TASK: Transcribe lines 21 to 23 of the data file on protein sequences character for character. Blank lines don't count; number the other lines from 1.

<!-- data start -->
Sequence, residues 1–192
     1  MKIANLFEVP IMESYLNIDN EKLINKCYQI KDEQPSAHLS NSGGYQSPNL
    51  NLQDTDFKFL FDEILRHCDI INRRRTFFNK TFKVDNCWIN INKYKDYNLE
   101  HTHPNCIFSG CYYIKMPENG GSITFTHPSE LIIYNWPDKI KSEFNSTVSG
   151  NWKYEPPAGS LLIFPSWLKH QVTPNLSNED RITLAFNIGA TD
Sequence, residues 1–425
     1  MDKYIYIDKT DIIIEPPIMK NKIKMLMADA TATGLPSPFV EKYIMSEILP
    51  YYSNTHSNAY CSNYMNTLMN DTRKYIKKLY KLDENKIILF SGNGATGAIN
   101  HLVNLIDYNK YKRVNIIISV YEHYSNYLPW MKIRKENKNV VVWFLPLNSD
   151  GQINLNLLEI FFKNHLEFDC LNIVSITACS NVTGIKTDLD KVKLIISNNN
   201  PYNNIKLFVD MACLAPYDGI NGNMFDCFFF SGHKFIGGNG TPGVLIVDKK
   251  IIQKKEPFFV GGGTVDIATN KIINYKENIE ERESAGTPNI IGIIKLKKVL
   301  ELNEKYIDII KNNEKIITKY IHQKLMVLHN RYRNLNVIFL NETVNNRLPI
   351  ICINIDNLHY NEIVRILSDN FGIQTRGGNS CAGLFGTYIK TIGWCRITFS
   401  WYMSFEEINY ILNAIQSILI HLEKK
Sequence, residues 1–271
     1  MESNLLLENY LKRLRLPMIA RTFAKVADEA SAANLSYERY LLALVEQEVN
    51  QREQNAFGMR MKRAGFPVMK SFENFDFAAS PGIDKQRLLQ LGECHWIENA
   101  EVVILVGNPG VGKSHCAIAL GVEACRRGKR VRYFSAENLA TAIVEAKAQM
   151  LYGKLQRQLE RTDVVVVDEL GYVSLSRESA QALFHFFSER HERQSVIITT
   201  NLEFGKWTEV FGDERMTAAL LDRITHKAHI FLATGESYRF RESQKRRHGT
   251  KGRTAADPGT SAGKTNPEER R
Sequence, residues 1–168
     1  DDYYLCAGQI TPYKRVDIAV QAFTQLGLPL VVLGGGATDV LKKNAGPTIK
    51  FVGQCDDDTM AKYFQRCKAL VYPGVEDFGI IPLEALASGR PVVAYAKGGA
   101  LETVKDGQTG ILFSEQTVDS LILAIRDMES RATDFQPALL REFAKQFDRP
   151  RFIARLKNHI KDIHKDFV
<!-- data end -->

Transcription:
   201  NLEFGKWTEV FGDERMTAAL LDRITHKAHI FLATGESYRF RESQKRRHGT
   251  KGRTAADPGT SAGKTNPEER R
Sequence, residues 1–168